Kupchak points to one thing that will cure all that.
“Players in this league are not going to get their due until they win a championship and until they do, they’re under the microscope and they’re going to be criticized for every single little thing,” Kupchak said. “We’ve seen that with what’s taken place in Miami in the last year or two. LeBron [James] is playing at a ridiculously high level right now, but for several years he was criticized for everything he did. When he won a championship, everything changed. That’s just the way it’s going to be. With Dwight, when he wins his first championship — and he will — people will look at him differently.”
Howard says he understands that.
“I’ve never been a bad person or what I’m being portrayed right now,” he said. “I won’t allow that to change who I am and put me in a shell. I’m not going to let it defeat me who I am as a person. I’ve always been the same person, fun loving. I don’t have a bad bone in my body. I’m not going to allow stuff that’s being said or go around affect who I am. I totally understand the situation. But when you’re down and out, people want to step on you. I will not let that defeat me or this team or what we’re trying to accomplish as a team. We’ll do more and be more active to really help this team. It starts with practice. It might not show tonight or next week, but if I continue to work at it and strengthen my body, the better.”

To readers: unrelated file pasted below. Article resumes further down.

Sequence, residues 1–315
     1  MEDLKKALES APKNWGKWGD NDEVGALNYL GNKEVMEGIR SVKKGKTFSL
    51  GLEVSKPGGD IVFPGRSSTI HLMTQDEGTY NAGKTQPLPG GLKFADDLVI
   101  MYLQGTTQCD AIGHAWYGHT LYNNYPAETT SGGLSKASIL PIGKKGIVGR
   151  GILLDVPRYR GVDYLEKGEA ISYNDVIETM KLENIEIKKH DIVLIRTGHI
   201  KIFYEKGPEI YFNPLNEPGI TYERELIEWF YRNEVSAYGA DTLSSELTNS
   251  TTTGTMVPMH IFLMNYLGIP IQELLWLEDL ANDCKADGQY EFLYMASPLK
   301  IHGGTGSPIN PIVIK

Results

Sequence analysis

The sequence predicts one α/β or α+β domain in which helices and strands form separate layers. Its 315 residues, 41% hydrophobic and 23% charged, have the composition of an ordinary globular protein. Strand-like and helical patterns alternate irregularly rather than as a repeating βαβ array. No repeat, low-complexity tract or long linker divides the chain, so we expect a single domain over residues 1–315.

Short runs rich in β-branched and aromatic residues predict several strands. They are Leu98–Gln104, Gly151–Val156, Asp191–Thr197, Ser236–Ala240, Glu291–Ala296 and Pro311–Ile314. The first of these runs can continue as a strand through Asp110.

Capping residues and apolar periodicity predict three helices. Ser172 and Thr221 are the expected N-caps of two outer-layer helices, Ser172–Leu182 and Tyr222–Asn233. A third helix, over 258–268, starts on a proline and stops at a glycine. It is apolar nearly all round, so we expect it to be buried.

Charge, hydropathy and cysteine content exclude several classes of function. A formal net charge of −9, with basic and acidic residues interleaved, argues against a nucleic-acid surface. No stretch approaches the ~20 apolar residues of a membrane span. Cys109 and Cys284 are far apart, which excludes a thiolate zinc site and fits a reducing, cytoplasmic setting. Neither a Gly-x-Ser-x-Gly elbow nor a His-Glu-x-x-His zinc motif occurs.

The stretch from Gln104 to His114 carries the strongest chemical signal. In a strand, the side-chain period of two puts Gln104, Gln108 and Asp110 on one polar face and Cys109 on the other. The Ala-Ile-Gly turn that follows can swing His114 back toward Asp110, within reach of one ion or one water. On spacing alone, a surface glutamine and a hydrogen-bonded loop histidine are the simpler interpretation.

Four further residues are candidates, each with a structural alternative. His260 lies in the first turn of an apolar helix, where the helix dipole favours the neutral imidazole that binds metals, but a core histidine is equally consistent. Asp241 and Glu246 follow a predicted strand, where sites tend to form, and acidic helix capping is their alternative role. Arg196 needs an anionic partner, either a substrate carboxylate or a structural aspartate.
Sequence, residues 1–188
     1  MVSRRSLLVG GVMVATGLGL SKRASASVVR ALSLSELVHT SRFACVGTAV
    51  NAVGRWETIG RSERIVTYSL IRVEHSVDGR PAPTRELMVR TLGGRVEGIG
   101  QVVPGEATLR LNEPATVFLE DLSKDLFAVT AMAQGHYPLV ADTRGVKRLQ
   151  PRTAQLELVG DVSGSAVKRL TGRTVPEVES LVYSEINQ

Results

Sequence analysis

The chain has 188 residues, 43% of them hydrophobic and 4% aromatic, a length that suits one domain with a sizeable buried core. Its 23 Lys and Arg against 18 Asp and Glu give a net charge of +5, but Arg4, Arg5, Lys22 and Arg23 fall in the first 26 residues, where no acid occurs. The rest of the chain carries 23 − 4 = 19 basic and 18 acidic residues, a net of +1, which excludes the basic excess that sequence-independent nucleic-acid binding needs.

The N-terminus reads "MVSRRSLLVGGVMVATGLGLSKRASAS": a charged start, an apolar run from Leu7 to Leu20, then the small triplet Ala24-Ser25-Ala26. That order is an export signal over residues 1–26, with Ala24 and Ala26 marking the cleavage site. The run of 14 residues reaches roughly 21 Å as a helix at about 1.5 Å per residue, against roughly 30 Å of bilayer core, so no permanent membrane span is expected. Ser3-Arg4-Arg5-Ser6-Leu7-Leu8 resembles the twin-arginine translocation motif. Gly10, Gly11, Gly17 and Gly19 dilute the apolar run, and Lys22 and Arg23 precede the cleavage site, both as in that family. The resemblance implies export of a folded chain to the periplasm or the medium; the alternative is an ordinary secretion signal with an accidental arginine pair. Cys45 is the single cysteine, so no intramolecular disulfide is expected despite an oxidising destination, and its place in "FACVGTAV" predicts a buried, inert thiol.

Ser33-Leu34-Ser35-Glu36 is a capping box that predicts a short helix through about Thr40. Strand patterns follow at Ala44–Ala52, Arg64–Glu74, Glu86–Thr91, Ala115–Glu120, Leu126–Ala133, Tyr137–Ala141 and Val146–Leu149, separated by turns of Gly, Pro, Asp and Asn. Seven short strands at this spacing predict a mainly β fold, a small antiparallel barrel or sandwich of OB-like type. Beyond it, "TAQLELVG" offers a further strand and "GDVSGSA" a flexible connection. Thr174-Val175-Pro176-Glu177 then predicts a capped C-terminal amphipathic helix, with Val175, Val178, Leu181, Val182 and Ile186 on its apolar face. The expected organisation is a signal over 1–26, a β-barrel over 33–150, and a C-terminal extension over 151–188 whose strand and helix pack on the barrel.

That’s why Howard refused to go along with Phil Jackson’s contention to Sports Illustrated that the Lakers aren’t using Howard’s assets correctly. That’s also why Howard spent part of All-Star weekend working with the Lakers’ trainers to improve his conditioning.
“I can do more for this team and I can do more and it starts with me,” said Howard, who’s averaged 16.3 points and 11.8 rebounds per game, his lowest marks since the 2005-06 season. “The biggest thing for me I’m working on a daily basis is trying to get into better shape so I can do more. It is tough coming off one major injury. I don’t want anybody to feel sorry for me. It is tough. It’s not as easy as I expected it to be. But I did come back early, doing the best I can. I’l continue to give more. The more I get in shape, the more comfortable I get on the court, the better I will be on this team. I want to win. I’ll do whatever I can to get my body, mind and spirit in the right place.”